If You Ask Me by Eleanor Roosevelt

If You Ask Me
by Eleanor Roosevelt

November 1952

 

My son and his wife are Republicans, but my daughter recently married a man who favors the Democrats. No matter how hard I try I can't keep the two couples from getting into nasty political arguments. It ruins all their visits with me. Tell me, please, how do you handle political differences in your family?

I try to make them amusing. We have vast differences in our family. All of them love to argue. They can argue passionately about things they do not care about, and anyone who did not know them would think they were about to kill one another. But I find a little laughter and teasing and, if necessary, arbitrarily changing the subject make our family gatherings rather entertaining.

 

I was astonished to see your picture in an advertisement for hearing aids. How can a woman in your position let her face be used in an advertisement?

I do not know what my position is, but as far as I know there was nothing undignified in letting people know that I use a hearing aid occasionally. My picture is in the newspapers fairly often, and I cannot see much difference if it is in an advertisement which is dignified or just in a newspaper.

 

I think Governor Stevenson would make a fine President, but will you tell me how I can vote for a party which is running a Dixiecrat for Vice-President?

I do not think Senator Sparkman is a Dixiecrat, but that is a question which you and your conscience must decide.

 

Has anyone in your family ever been psychoanalyzed? In general, how do you feel about psychoanalysis?

As far as I know, no one in my generation or in my children's generation has been psychoanalyzed. I grew up feeling that it was a weakness to have to resort to psychoanalysis, since one should be able to manage oneself. But I have come to believe that for many people it is distinctly helpful, and therefore, since it is a new science, I think it should be used whenever necessary.

 

General Douglas MacArthur once said he disapproved of a military man as President of the United States. How do you feel about this?

This is a generality and, like so many generalities, can be proved or disproved. For instance:

A military man is accustomed to thinking out strategy and then giving the orders, and he might find it most difficult to work in a way which required constant negotiation and flexibility and adjustments not only within the nation but outside the nation. Life in the service also conditions a man to expect very different responses from his subordinates than one can expect in civilian life.

On the other hand, it might well be said that at certain points it is important to have the kind of quick and decisive action which is acquired through military training.

I have to be on my feet all the time. Would it be too much trouble for you to tell me where you get your shoes made?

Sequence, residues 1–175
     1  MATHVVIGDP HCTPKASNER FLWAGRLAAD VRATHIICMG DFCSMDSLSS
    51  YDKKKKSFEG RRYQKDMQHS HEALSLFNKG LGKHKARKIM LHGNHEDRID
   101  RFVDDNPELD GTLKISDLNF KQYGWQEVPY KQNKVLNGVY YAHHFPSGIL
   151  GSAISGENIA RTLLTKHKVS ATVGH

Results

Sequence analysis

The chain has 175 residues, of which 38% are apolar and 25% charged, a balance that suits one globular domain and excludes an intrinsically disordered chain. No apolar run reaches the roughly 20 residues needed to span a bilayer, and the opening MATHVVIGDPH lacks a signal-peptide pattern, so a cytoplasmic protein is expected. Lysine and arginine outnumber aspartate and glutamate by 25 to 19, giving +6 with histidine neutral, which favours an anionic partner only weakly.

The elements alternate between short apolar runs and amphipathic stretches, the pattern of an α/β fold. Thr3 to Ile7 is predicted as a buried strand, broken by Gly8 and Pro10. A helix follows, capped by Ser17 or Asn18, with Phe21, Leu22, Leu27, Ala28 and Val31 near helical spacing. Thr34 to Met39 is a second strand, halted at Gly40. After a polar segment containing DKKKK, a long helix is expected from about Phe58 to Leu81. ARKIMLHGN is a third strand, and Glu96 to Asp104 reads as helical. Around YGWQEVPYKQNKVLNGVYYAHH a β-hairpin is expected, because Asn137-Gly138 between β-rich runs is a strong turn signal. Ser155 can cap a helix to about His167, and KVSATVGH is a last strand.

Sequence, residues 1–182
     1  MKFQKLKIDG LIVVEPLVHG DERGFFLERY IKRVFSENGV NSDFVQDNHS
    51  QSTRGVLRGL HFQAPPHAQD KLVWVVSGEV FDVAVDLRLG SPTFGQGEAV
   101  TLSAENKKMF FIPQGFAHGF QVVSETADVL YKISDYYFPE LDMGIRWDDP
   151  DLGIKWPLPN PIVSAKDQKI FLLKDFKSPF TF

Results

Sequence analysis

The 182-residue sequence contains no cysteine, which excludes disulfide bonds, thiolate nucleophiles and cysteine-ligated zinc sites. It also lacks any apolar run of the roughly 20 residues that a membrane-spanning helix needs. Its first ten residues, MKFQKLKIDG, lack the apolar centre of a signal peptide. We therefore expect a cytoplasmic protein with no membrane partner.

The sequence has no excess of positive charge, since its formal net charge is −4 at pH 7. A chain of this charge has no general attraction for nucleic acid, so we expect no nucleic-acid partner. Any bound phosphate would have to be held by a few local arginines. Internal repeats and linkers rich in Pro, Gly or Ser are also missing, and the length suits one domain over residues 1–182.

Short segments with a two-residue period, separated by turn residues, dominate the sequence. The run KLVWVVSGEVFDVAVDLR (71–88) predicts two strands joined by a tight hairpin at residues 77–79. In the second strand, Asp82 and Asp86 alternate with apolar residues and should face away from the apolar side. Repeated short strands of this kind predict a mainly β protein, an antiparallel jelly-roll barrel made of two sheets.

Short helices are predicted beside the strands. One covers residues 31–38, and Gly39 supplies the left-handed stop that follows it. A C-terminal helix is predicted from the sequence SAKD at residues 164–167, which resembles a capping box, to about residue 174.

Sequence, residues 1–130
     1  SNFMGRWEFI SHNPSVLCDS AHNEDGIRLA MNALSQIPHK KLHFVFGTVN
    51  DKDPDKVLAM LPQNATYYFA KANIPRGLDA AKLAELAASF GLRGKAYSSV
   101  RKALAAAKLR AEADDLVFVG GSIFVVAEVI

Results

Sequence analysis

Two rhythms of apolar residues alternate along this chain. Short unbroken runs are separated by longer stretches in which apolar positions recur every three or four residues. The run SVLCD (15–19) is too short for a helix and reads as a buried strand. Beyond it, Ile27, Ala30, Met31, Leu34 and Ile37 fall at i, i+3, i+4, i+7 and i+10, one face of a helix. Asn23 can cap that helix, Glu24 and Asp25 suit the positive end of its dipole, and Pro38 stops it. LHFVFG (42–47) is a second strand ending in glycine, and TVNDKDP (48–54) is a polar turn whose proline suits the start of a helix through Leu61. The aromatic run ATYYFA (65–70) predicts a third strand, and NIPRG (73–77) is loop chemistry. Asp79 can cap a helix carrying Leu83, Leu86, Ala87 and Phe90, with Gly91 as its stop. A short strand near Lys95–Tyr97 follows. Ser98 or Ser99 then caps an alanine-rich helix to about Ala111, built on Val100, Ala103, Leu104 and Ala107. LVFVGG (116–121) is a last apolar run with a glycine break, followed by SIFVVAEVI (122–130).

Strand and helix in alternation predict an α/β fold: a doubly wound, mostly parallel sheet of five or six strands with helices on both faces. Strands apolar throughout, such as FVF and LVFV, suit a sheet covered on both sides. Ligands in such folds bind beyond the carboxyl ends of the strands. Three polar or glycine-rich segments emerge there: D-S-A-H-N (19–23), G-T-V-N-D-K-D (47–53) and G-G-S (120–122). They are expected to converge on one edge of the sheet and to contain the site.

I do not have my shoes made to order. I buy walking shoes at Abercrombie & Fitch in New York City, and afternoon shoes and evening slippers at J. & J. Slater. I find the Abercrombie & Fitch shoes very comfortable if they are long enough and wide enough. I find that many salespeople have a tendency to sell shoes a trifle too short.

 

The trivial, ridiculous questions some people ask you just burn me up. Where on earth do you get the patience to answer them as graciously as you do?

I am glad you think I answer the questions graciously. I think all questions which are inspired by an honest desire to know something are worth answering as simply and honestly as possible. Where a question is inspired by malice or the wrong kind of curiosity, it is always possible either to turn it to what seems to you a useful purpose or to refuse to answer it.

 

I understand you once wrote down several rules for marital happiness. Will you tell me the chief ones please?

I cannot remember ever having indulged in this pastime, but if you heard that I did so perhaps I did. I must have been more rash than I am now, so I will not try to write down more than one or two suggestions, certainly not rules.

In all human relationships, and marriage is one of the most difficult, I think perhaps the important qualities for all individuals are unselfishness and flexibility. Tact can be a help also, and real love which occasionally carries you beyond interest in yourself is essential.

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About this document

If You Ask Me, November 1952

Roosevelt, Eleanor, 1884-1962
[ ERPP bio | VIAF | WorldCat | DPLA | SNAC ]

McCall's, volume 80, November 1952

Digital edition created by The Eleanor Roosevelt Papers Project

Digital edition published 2014, 2016 by
The Eleanor Roosevelt Papers Project
The George Washington University
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